As late as 1982, a Radio Shack advertisement stated “there’s more software for the TRS‑80 than any other microcomputer.” By 1985, Radio Shack software sales alone totaled $100 million dollars, making them one of the largest sellers of software in the world.


There were an incredible number of hardware add-ons available for the Model I, both from Radio Shack and many third-party companies.

Electric Crayon advertisement

Advertisement for the Electric Crayon

In addition to speed-up boards like the Holmes Sprinter, and memory boards such as the Anitek Supermem, there were high-resolution graphics boards, such as the 80-GRAFIX, Mikeegraphic Graphic System, or the E-RAM. There were even color graphics boards, such as the CHROMAtrs, the Color-Graf, the Micromint E-Z Color, or the Percom Electric Crayon.

A few of the options for storage included the Exatron Stringy Floppy, Meca BETA-80, or the JPC Products TC-8.

There were CP/M add-ons, such as the Omikron Mapper, the Freedom Option, the Shuffleboard, the Holmes VID-80, and the BIGMEM. For those who wanted to run MS-DOS software, there was even the MicroMerlin. These examples only scratch the surface of what was available.

The range of hardware add-ons meant that it was common for Model I owners to heavily expand their computers. Sometimes this meant that their computers became more powerful that competing machines from years later.

Operating systems

The original Model I disk operating system was TRSDOS, written by Randy Cook. Like the unmodified Model I, it worked only in single density. The original versions of TRSDOS had speed and reliability problems, which were addressed with subsequent updates. The final updated version was TRSDOS 2.3.

Many people developed their own patches to TRSDOS to fix bugs and add new features. This process of patching spawned a thriving third-party market of new but TRSDOS compatible operating systems for the TRS‑80. Among the most popular were DOSPLUS, LDOS, NEWDOS, and MULTIDOS. All of these were later modified for double-density support and were rewritten to run on the Model III.

Radio Shack released one other Model I operating system much later. This was TRSDOS 2.7, a double-density operating system designed for the Radio Shack doubler. This version of TRSDOS was not compatible with the other versions, and never achieved much popularity.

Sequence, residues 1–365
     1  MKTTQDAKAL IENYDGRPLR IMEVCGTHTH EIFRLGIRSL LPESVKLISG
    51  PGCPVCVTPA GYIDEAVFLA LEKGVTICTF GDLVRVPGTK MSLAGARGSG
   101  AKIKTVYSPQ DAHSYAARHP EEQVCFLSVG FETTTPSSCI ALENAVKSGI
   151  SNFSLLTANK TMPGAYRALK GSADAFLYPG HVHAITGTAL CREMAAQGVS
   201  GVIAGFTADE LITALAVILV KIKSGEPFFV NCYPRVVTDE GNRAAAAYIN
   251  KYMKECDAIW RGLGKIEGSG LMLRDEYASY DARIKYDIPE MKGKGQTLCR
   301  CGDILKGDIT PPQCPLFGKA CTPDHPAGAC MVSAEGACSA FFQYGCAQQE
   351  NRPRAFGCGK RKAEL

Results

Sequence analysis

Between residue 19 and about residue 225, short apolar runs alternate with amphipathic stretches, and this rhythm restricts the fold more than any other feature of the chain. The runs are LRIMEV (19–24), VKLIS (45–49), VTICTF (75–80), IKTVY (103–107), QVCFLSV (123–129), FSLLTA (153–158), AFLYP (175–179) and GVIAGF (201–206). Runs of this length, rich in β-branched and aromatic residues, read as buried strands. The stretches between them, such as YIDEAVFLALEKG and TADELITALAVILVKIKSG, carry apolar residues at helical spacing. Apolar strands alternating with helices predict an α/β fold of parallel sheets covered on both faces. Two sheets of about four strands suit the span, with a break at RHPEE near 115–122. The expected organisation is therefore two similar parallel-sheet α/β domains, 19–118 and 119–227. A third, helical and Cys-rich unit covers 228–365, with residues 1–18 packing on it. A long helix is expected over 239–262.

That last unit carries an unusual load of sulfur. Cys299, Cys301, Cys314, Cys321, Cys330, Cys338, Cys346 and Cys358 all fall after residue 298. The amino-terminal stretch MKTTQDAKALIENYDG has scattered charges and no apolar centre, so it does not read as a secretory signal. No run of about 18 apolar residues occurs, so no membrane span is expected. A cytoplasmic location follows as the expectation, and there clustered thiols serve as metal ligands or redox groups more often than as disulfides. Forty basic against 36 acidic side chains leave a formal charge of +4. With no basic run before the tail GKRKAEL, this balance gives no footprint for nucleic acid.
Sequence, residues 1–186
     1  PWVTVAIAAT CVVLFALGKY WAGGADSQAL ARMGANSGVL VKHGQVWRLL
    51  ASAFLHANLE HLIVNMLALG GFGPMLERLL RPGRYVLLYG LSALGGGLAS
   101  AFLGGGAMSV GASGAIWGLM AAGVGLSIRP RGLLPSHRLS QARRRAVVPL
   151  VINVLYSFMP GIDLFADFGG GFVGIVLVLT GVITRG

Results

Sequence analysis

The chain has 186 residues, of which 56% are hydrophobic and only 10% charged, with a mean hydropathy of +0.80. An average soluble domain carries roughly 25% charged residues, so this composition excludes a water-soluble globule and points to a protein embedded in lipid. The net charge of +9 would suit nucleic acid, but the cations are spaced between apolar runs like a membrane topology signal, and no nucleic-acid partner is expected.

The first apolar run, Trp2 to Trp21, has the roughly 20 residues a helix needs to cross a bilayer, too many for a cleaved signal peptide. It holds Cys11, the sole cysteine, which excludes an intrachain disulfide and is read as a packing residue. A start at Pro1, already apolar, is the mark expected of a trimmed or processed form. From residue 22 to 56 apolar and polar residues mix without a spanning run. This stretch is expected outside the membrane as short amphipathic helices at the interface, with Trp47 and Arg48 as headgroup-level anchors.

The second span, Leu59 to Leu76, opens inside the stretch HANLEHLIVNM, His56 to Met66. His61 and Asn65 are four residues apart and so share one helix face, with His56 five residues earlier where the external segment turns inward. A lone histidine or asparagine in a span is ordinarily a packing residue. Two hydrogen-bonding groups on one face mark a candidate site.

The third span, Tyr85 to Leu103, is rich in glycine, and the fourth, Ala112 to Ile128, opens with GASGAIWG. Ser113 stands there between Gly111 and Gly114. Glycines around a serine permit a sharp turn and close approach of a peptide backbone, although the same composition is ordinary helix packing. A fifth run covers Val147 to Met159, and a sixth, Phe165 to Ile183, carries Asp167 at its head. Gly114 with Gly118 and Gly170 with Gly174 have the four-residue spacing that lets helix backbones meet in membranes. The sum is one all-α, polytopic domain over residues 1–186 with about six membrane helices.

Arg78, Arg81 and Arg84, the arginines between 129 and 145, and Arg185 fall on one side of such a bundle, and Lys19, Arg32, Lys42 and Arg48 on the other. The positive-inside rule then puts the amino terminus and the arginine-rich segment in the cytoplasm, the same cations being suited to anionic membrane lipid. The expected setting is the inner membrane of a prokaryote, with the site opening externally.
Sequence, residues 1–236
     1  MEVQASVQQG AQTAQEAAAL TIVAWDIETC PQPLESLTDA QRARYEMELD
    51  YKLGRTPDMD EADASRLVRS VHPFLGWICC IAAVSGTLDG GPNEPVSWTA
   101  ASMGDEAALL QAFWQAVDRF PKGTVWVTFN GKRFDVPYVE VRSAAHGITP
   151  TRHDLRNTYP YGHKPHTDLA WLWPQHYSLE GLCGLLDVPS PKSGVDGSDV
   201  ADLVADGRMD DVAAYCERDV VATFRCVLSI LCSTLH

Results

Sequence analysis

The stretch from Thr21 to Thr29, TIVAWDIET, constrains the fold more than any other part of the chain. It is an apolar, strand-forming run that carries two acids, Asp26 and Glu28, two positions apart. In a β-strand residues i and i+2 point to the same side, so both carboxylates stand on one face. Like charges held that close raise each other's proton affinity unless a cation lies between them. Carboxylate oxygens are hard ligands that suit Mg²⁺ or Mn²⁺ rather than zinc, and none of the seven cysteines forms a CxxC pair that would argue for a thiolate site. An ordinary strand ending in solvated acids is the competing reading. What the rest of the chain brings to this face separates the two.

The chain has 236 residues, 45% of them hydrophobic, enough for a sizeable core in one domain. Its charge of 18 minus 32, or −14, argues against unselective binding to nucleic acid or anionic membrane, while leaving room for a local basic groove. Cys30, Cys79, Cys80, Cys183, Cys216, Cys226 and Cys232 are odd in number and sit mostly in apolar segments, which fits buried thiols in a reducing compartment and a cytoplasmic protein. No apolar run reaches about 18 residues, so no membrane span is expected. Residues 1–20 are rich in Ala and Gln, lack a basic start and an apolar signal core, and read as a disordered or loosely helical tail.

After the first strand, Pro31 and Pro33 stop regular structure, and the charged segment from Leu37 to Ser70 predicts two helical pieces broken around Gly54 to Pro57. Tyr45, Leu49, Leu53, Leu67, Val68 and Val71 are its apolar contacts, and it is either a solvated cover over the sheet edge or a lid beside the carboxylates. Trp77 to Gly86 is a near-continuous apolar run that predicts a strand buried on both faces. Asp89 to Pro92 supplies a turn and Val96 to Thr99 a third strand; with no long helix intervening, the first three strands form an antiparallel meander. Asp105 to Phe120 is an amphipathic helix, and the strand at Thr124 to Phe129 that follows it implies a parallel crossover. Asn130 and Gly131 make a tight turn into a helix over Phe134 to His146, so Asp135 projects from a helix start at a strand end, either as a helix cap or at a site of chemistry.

The Model III

The Model III from a Radio Shack catalog

The Model III from a Radio Shack catalog

The TRS‑80 Model I played an important role in the popularization of computers. It wasn’t the first microcomputer, or even the first consumer microcomputer, but it was the first that an average person could buy and use. It was the first to sell in large quantities and was the best selling microcomputer in the United States during its entire production run. As Don French, the co-creator of the Model I put it, “There was no other company who had the financial ability nor the market clout to do it at that time.”

In 1980, Radio Shack introduced the TRS‑80 Model III. The Model III was almost completely compatible with Model I software. It corrected some of the deficiencies of the Model I, including lowercase characters, internal memory expansion, and a printer port. It also added some nice features such as double-density disk support and 1500-baud cassette transfers.

Although the Model III wasn’t originally intended to replace the Model I, it worked out that way. Problems with making the Model I meet new stringent FCC guidelines led to Radio Shack discontinuing the Model I in the United States in November or December 1980. All the remaining Model I computers sold out in January 1981, although Radio Shack continued to sell the Model I outside the United States for several years3. As late as 1984, 80 Micro estimated that 250,000 were still in use.

In 1983, the Model III was replaced with the Model 4. Radio Shack continued to sell the Model 4, which could run most Model I programs, until around 1994. In 2005, Radio Shack finally reused the Model I’s 26-1001 catalog number.

  1. Kitchen was later renamed Home Recipe. Early promotional photographs for the Model I often showed it set up on a kitchen table, although it’s hard to imagine anyone ever used it that way. The 26-1601 catalog number was reused for the word processor Scripsit Pro in 1986. 
  2. The Apple II software library probably overtook the TRS‑80 Model I/III in 1980 or 1981. This corresponded to the rapid increase in sales of the Apple II, but also to Radio Shack introducing new computers that split TRS‑80 programmers among the Model II, Color Computer, and Model III. 
  3. Although it was never officially acknowledged, these final Model I’s (sold outside the United States) included a slightly redesigned video circuit (to replace an obsolete RAM chip) that had built-in lowercase. According to some people, at least some of the final Model I’s sold in the United States also had undocumented lowercase. 
Categories: Computers


Ben Govett says:

There were 2 model I’s released, a level I and a later level II. Level I had no numeric keypad, the Level I basic ROM, and 4KB of RAM. The Level II was later released including a numeric keypad, level II basic ROM and 16KB of RAM.

I owned both, and still have a working level II.

Jeremy Hall says:

Brilliant website – my first desktop computer was the TRS80 Model 1 but I started using computers personally since 1967 and I am currently creating a website exploring the last 50 years – your information about TRS80 provides valuable reminders (with links back to your site). Thanks.